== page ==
History of the vote
In just a few days we will be going to the polls to select a new president and maybe more importantly members of the state legislature. The election will, of course, have a lot to do with all our lives and it is important that we vote.
I don’t know why, but Americans have a tendency not to go to the polls. Certainly there will be a higher turnout since we are electing a president, however all elections are important. Sadly, some people seem to think that only the presidential election is important but that simply isn’t true. In many ways the outcome of state and local elections have a greater effect on our lives. Unfortunately, city elections are lucky to have a turnout of 25 percent while presidential elections draw many times that number.
One person told me that he believed the reason some people don’t vote is that they are simply turned off by the process. You can’t turn on TV or go to the mail box and not be bombarded by political rhetoric. That wouldn’t be so bad if candidates said what they are going to do to better our lives. Sadly, most of the ads are so completely negative. This has certainly gotten worse since the creation of political support groups that have a lot of money but no responsibility to tell us where that money comes from.
Actually, I discovered that voting is relatively new to history.
While the ancient Romans and Greeks had elections, it wasn’t until the 18th century when voting became somewhat common. Most countries were monarchies and ruled by small elite family groups. Even after parliamentary elections started, the common person still had relatively little voice in government.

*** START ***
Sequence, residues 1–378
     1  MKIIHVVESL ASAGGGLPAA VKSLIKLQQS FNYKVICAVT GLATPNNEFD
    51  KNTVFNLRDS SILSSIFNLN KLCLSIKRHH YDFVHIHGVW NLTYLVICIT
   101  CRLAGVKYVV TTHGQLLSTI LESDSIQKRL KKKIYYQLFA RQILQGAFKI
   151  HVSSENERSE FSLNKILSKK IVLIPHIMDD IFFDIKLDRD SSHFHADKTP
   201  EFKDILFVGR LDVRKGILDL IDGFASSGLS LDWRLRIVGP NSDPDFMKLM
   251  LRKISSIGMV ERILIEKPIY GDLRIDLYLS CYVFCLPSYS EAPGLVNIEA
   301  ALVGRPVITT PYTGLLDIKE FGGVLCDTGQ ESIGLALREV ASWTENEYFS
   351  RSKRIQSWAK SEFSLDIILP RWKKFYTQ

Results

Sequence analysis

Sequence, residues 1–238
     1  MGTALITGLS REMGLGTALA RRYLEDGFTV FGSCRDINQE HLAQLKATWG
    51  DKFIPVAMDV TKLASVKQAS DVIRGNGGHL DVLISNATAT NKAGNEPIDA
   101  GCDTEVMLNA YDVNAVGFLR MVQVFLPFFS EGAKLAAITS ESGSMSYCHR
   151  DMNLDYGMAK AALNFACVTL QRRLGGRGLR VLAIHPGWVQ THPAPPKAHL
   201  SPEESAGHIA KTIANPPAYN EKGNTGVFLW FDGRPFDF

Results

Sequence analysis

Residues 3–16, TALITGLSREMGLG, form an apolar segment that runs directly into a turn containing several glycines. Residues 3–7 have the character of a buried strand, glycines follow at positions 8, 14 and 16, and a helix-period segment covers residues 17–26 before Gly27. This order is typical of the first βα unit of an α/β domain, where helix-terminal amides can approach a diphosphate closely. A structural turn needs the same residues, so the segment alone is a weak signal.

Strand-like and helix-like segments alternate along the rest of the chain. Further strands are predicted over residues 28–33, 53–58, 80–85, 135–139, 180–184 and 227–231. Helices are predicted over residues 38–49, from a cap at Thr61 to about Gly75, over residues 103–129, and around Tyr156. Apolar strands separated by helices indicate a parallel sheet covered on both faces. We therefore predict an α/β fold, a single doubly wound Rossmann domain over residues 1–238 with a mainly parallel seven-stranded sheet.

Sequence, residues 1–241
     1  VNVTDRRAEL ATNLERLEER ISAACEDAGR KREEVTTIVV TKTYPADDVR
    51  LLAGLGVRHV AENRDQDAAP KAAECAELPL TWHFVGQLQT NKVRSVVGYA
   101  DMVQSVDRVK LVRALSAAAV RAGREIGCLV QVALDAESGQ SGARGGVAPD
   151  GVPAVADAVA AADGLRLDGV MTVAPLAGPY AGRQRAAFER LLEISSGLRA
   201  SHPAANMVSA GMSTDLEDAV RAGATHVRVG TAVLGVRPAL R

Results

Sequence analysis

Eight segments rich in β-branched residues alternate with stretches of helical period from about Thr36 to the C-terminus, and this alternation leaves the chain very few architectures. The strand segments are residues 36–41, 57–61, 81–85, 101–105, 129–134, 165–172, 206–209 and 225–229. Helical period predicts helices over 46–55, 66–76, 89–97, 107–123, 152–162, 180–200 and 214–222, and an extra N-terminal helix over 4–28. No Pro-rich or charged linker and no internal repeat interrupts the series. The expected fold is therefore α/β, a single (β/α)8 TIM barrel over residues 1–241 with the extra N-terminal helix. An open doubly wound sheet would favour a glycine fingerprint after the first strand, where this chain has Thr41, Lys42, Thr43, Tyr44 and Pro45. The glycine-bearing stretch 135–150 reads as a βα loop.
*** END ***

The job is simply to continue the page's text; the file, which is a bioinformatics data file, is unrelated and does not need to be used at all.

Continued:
While there were local elections in the colonies, the first national election was in 1789 when George Washington was elected president and John Adams Vice-President.
Even in the fledgling United States voting rights were limited to wealthy, white men. Many states required persons to be landowners to vote. It seems that since the property tax was the basis of government finance, folks thought that only those paying taxes should vote. That idea didn’t last long and the vote was available to most while males.
It would be nearly 175 years before all Americans were guaranteed the right to vote. The women’s suffrage movement took care of part of the problem in the early years of the 20th century. In some old editions of the Chieftain I noted that there were some women who bitterly opposed voting. One woman said that no real lady with proper upbringing would want to vote or hold office. If she were around today, she would be shocked at the number of women who hold elected positions.
One of our national disgraces is that it wasn’t until the mid-1960s that barriers were removed that prevented African-Americans from casting ballots. There were some states that required African-Americans to take tests which, from what I’ve read, no one could pass. Also the poll tax was abolished and the voter age lowered to 18.
I was surprised to find that early elections were fairly disorganized. The state of Victoria, Australia held the first uniform secret ballot in an election in 1856. The biggest change in voting came with the invention of automated voting machine. Herman Hallenith developed the first punch card voting in 1889. The first voting machine was invented by Jacob H. Myer in the 1890s. By the 1930s, voting machines were used in most major cities. They came to Wyandotte County in the early 1960s and later to Leavenworth County.
Now, almost all voting machines are electronic and it certainly makes tallying much easier. You have to be an old-timer like me to remember when we voted on paper ballots. The counting was done by hand and sometimes it was well into the wee hours of the morning before the votes were tabulated. Paper ballots also led to miscounts and other problems.
Of course, the biggest modern election snafu was the 2000 presidential election and the hanging chad fiasco in Florida.
Hopefully, all goes well on Tuesday and we will have a big turnout for the election. While the vote may end the explosion of political ads for the time being it is my bet no matter who wins, within the first six months of 2013, candidates will begin to announce their intention to run for office in 2014 or 2016.
The process never ends and will continue with city elections in the spring. In some ways, politics have become our national pastime.
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